In June 2003, Wal-Mart gave the edict that its top 100 suppliers would need to tag pallets and cases with RFID chips by January 2005. The deadline is now 2006 and includes all suppliers, not just the top 100, but Wal-Mart has made no statement regarding when it will start reading all these tags and is doing little to settle the nerves of consumer products companies. The fact that it is remaining closed on its enrollment of readers suggests that the measure is more about control and less about inventory.
How should companies respond? Can you say no to Walmart? This is highly unlikely. However, the SCRC is conducting research for one of our new partner companies that can help provide insights into how RFID can or cannot be exploited. While you can’t say no to Wal-Mart, but you can take the pain out of its initiatives and benefit from them, consumer companies need to band together to standardize RFID tagging and push 3PLs to take some of the responsibility.
It’s not the first time that Wal-mart has taken the lead. VMI, EDI, factory gate pricing, and many more initiatives have come out of it, which were all designed to provide greater transparency and control over inventory. But is it also a means to further erode the suppliers’ control over margin? Factory gate pricing stripped the suppliers of any margin that they could make in logistics execution, but at least the intrusion stopped at the gate. However, the RFID level of tracking could provide the transparency that Wal-Mart needs to control the margin throughout its entire chain. At best, this means that consumer companies need to fit tags prior to dispatch, but eventually it will affect packaging suppliers and may even stretch as far as growers. Some reports speculate that smaller suppliers will be less concerned by this revelation than large companies because of the reduced number of SKUs involved and the extra time they have to comply. But then the smaller suppliers have less buying power to reduce tag costs and less chance of taking advantage of the technology to offset their own costs. It’s a net loss for the small guy.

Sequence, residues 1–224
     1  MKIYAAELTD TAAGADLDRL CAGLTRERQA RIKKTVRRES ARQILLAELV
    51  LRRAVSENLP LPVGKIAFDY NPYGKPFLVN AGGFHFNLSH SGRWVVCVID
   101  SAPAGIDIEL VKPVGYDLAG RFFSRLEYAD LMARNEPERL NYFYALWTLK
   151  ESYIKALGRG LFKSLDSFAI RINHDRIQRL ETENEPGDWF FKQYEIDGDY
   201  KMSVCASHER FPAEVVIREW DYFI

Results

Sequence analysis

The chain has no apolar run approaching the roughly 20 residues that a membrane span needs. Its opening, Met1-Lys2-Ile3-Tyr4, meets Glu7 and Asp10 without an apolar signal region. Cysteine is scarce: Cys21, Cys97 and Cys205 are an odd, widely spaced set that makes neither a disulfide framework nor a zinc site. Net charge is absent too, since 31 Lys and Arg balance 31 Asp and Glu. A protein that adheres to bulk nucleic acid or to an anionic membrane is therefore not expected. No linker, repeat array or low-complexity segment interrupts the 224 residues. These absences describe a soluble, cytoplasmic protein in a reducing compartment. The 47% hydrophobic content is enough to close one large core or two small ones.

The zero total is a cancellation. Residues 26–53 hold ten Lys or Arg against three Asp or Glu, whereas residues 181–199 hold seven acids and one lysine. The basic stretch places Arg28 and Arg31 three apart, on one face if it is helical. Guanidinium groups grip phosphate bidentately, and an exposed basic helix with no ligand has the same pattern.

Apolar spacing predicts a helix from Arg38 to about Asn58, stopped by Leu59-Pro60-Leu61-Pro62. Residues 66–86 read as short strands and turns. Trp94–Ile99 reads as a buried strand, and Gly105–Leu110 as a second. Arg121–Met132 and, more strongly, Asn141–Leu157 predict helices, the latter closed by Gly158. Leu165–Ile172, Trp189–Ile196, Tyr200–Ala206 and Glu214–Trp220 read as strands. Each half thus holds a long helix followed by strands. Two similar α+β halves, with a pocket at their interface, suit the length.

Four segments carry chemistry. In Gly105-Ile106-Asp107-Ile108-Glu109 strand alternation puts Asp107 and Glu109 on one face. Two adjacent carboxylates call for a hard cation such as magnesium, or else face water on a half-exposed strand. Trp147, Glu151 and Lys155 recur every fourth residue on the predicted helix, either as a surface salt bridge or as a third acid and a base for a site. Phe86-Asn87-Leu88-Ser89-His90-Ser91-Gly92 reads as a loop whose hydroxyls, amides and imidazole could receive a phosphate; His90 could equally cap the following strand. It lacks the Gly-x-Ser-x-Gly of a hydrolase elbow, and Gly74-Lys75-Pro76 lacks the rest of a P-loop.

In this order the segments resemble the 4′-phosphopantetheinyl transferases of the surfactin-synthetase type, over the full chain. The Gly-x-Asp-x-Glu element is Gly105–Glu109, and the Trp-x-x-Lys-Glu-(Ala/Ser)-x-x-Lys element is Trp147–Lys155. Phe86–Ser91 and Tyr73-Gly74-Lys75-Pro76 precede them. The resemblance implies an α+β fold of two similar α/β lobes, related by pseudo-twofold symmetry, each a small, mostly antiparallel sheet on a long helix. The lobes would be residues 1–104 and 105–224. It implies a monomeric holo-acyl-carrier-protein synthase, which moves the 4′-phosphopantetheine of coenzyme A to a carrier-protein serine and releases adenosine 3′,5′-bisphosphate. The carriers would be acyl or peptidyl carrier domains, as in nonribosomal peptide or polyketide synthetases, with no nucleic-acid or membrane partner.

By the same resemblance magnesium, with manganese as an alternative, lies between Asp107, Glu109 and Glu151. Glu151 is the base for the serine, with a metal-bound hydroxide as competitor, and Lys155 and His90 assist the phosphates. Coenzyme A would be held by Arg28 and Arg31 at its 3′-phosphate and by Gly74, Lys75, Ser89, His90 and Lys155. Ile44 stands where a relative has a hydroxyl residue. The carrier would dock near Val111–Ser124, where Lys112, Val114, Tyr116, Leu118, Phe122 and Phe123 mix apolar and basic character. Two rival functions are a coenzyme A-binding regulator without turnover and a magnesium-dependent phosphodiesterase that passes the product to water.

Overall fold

The question is can I, as a lower ranked supplier to Wal-Mart, afford to step out of line and say no? The answer to that question is “who cares?” This is about Wal-Mart’s convenience, not the suppliers’. The fact that the consumer companies might be upset means nothing unless they pool together to defy the retailer. But if they’re going to do that, then why not make it a positive move rather than a negative one? Given that the suppliers are going to have to abide by this directive in the end, then why can’t the 3PL services provide the reader capability as a shared service model to a consortium of suppliers in a similar way as when VMI became a requirement? Plus, in order to reduce cost and satisfy the minimum Wal-Mart requirements, the consumer goods (CPG) companies should also decide on a standard for tagging information and for tag types in order to aggregate the demand and source it.
The Auto-ID Center at MIT has done a significant amount of work on RFID standards. The group has been field-testing the technology since the end of 2001, and this year will officially launch the finished version of a system that people can use. Kevin Ashton, a leader at the center, notes that “Auto-ID is information technology that will give you real-time, all-the-time visibility about every product in the supply chain.” Rather than jumping into it full-scale, Ashton recommends that companies begin taking “baby steps” in piloting the technology. He notes that “I think it’s incumbent on anybody who draws a salary as a supply chain manager to make a clear-minded assessment of the auto-ID opportunity and come to an opinion they can defend.” This includes people from both sides of the fence, including those who are extremely cautious after being “burned” by the dot-com mania. How? Managers should begin doing a little something with this technology, to pilot its use in one or more products and identify the learning required to deploy it. Companies should also begin to identify the costs of implementation, as well as the potential benefits. For example, a key benefit to pharmaceutical companies would be improved tracking, which could lead to reductions in counterfeiting and theft, especially in logistics pipelines in developing countries.
The Takeaway: Standards in tagging and 3PLs taking on reader capabilities would satisfy Wal-Mart and provide price aggregation so that companies can participate. This is a much better approach than telling your strongest customer that you won’t play ball. Companies should worry less about the robustness of the technology, and more about the motives and the impotency that it implies regarding a supplier’s ability to control its own destiny.